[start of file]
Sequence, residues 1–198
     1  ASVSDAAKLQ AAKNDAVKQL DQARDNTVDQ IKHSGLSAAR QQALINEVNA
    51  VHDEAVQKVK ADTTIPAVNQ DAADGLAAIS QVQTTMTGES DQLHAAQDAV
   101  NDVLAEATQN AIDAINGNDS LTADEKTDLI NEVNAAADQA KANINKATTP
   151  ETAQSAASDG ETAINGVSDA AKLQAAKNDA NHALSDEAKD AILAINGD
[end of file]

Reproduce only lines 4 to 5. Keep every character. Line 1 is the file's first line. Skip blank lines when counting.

   101  NDVLAEATQN AIDAINGNDS LTADEKTDLI NEVNAAADQA KANINKATTP
   151  ETAQSAASDG ETAINGVSDA AKLQAAKNDA NHALSDEAKD AILAINGD